Assessing the ‘defensive rhetoric’ coming from Raptors camp

Last year, the specific talk coming from Raptors training camp was about the team’s new over-riding Defensive Philosophy, referred to as, “Protecting the House,” in an all-out effort to improve their Defensive FG%. 

Unfortunately, last year’s Raptors then finished the 2009-2010 season as one of the worst defensive teams in the NBA.

Now, during this year’s training camp, this is what is currently being said about the Raptors Point of Emphasis, defensively, for the coming season:

———————————–

Raptors focus on fine art of defence

It is a delicate balance the Raptors seek as they try to improve the weakest aspect of their game.

They have to teach aggression tempered with intelligence. Quickness rather than speed.

They need continuity from a group of relative strangers and a dedication to a cause that brings with it little glory.

Easy? Not so much, but if they don’t shore up their defence and find a system that suits their personnel, any chance of being even a mildly surprising team in the coming NBA season is gone out the window.

It is the topic as training camp drones on, the one thing that coach Jay Triano and his assistants are more worried about than any other.

“One, you’ve got a number of new guys who are going to be in the rotation so that’s immediately a challenge,” said assistant coach P.J. Carlesimo. “Two, you don’t have a lot of continuity. Even though you could say it’s Jay’s third year, it’s at least a second, if not a third, different roster so it’s not like he’s had two years to install his system and the same guys are playing his system.

“The good news is you have some young guys with some quickness and enthusiasm. The bad news is you have young guys and inexperienced guys.”

What the Raptors want to do defensively sounds so simple: They want to apply pressure as much as possible, take away outside shots, force turnovers and score off their defence.

“I’d say we’re more aggressive,” said Triano. “Last year we had a tendency to sit on boxes (in the low post) and elbows (at the top of the free-throw lane) and protect the paint and the house and all that. This year, we’re just out and guarding guys.”

———————————–

1. Pressure the ball.

and,

2. Create more turnovers.

Hmmm …

Simple to do, perhaps … if you have enough of the right type of players on your roster, in the first place.

When you actually compare the individual defensive ability of the 15 players on the present roster for the Raptors to the group which ended the 2009-2010 campaign, what you get looks something like this:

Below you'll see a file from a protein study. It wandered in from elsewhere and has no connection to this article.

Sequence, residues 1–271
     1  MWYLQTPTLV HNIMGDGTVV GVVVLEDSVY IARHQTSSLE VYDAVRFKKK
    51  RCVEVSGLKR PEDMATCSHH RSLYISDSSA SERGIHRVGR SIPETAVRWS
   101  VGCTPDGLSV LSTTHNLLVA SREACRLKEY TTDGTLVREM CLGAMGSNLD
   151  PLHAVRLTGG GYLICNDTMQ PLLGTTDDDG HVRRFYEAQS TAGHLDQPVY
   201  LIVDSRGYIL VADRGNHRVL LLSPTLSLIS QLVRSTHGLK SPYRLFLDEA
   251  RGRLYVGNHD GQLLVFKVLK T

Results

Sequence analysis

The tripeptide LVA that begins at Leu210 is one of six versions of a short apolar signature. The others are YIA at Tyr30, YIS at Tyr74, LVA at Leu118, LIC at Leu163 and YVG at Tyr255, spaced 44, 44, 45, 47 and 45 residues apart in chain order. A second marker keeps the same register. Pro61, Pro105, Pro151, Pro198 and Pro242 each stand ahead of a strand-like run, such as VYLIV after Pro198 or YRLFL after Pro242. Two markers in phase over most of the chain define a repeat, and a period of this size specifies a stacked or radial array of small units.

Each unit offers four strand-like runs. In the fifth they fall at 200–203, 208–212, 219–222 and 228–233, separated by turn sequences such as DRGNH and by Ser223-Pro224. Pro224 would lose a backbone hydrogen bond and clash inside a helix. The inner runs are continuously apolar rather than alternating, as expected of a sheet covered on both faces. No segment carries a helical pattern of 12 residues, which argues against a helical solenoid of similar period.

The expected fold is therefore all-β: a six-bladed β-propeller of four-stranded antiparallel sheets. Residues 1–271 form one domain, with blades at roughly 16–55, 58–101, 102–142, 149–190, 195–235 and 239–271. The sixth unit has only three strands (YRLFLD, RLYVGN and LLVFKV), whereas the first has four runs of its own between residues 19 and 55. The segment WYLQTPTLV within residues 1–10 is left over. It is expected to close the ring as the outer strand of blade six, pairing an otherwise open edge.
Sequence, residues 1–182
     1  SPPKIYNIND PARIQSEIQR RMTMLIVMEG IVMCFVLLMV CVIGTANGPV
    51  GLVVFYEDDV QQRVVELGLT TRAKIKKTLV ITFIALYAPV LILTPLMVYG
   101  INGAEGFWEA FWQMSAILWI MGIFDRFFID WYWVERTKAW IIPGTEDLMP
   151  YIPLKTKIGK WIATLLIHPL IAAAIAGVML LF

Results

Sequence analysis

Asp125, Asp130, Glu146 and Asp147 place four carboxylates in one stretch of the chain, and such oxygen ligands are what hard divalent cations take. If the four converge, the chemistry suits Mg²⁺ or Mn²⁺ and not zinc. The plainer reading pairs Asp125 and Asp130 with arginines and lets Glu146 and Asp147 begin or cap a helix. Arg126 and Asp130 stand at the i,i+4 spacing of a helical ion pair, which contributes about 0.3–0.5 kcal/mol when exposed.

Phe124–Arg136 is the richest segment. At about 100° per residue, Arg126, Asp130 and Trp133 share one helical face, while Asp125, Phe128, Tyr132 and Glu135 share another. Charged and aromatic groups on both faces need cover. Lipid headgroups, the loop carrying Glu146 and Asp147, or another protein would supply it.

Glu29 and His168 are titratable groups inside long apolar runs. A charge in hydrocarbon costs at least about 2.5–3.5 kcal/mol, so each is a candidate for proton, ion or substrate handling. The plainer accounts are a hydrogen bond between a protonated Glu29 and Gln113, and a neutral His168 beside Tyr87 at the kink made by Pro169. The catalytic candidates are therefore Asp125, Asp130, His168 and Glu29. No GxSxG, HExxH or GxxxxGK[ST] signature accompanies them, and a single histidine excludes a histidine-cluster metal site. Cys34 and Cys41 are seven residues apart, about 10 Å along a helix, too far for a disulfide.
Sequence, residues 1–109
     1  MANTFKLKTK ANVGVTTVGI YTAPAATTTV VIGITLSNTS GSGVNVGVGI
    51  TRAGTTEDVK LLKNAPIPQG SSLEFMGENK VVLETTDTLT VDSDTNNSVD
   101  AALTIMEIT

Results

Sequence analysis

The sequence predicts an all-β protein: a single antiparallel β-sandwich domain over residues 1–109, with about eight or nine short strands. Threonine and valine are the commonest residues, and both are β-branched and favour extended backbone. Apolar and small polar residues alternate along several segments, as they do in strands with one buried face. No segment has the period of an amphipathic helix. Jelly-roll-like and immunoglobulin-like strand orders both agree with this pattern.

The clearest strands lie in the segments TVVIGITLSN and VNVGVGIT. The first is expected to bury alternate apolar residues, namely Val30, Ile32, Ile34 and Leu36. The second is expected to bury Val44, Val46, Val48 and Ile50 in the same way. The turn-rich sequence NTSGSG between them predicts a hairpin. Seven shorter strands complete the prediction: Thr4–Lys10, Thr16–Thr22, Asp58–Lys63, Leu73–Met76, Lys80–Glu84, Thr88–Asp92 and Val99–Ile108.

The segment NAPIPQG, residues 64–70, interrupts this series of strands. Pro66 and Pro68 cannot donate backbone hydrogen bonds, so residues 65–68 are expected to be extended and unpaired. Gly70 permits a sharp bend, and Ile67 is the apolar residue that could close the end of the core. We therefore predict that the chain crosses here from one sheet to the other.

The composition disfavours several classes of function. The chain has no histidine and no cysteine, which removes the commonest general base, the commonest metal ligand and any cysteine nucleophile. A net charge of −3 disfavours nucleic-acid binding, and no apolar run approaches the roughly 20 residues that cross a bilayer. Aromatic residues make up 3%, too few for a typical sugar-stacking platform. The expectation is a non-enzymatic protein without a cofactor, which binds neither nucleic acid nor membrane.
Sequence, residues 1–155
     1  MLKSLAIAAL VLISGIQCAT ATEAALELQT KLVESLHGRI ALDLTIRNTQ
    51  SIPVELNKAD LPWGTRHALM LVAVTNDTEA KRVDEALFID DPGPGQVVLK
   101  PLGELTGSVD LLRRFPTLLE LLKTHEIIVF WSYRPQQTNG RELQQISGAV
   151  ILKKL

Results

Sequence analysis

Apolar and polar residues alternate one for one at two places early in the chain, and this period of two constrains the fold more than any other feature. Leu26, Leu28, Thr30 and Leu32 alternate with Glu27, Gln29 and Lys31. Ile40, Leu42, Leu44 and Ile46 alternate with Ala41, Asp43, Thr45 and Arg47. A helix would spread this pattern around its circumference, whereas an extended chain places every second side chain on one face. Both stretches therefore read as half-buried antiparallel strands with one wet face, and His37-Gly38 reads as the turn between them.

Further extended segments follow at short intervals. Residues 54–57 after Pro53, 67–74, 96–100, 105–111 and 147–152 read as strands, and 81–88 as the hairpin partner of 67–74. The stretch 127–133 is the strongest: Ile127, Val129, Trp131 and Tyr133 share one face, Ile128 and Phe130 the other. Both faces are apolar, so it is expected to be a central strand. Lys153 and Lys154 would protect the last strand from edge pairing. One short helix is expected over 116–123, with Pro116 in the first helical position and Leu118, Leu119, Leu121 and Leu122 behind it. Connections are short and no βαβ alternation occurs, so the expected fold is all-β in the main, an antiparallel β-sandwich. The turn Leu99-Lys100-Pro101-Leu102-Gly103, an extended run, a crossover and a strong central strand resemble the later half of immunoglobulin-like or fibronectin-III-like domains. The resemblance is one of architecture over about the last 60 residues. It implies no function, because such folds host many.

EVALUATING THE INDIVIDUAL DEFENSIVE ABILITY

OF THE RAPTORS

2009-2010

ADV

2010-2011

STARTERS

Jack

=

Jack

DeRozan

=

DeRozan *

Turkoglu

à

Kleiza

Bosh

ß

Johnson

Bargnani

=

Bargnani *

+1

+1

KEY SUBS

Calderon

=

Calderon

Weems

ß

Barbosa

Wright/A

ß

Weems

Johnson

ß

Davis

Nesterovic

ß

Andersen

+4

0

RESERVES

Banks

=

Banks

Belinelli

à

Wright/J

0

+1

EXTRAS/OUTS

Evans

=

Evans

Dorsey

=

Dorsey *

O’Bryant

=

Alabi

0

0

COACHING

Triano

=

Triano

0

0

SUMMARY

+5

+2

Those who think the Team Defensive woes of the 2009-2010 Toronto Raptors will be cured by this year’s squad making a renewed commitment to ”applying increased ball pressure”, over the course of an 82-game regular season are, quite simply, unfamiliar with the way in which the NBA actually works:

General Truths About the NBA Game, From a Defensive Perspective:

1. “Less experienced” players are not superior Individual or Team defenders, in comparison with veteran players.

2. “Faster” players do not necessarily prove to be superior Individual or Team defenders, in comparison with slower players.

3. Authentic “high end” Team Defensive ability stems, primarily, from just 2 sources:

i. Having enough rotational players whose specific WEAKNESS does not originate in their own Individual and/or Team defensive game;

 and,

ii. A head coach’s PERSONAL COMMITMENT TO EXCELLENCE, on the defensive side of the floor, based upon the successful implementation/execution of sound and highly integrated strategic and/or tactical concepts. [NOTE: Please recognize the plural form of the final word in this last sentence.]

When a team is atrocious on the defensive side of the ball, however, it does not become significantly better by:

REPLACING

WITH

PLAYER

Pos

Individ. D

Team D

Fouls/G

PLAYER

Pos

Individ. D

Team D

Fouls/G

Bosh/C

PF

Good

Good

Good

Johnson/A

PF

Good

Ave

Poor

Weems/S

OG

Good

Ave

Good

Barbosa/L

OG

Poor

Ave

Good

Wright/A

SF

Ave

Ave

Ave

Weems/S

SF

Poor

Ave

Ave

Johnson/A

PF

Good

Ave

Poor

Davis/E *

PF

Ave

Ave

Poor

Nesterovic/R

C

Good

Good

Good

Andersen/D

C

Poor

Ave

Poor

LEGEND:

* – 1st year player in the NBA;

 

- Upgraded performance;

 

- Status quo performance;

 

- Downgraded performance.

while retaining non defensive stalwarts like:

PLAYER

Pos

Individ. D

Team D

Fouls/G

Bargnani/A

C

Good

Poor

Poor

DeRozan/D

OG/SF

Poor

Poor

Good

Jack/J

PG/OG

Good

Good

Good

Calderon/J

PG

Ave

Good

Good

in their existing roles, in the regular rotation, AND retaining the same head coach who was responsible for the implementation of the Defensive Philosophy which was used the previous season, even if the nature of THAT specific philosophy is supposedly going to change for the new campaign.

Scoring enough points to win games … against high end competition … has not been a major problem for the Raptors during the last several seasons. Preventing high end opponents from doing likewise, however, has consistently been one of the Dinos main problems.

With the set of players, coaches, and GM – i.e. who is responsible for putting together the roster – currently in place for this team, do not expect this reality to change this season.    

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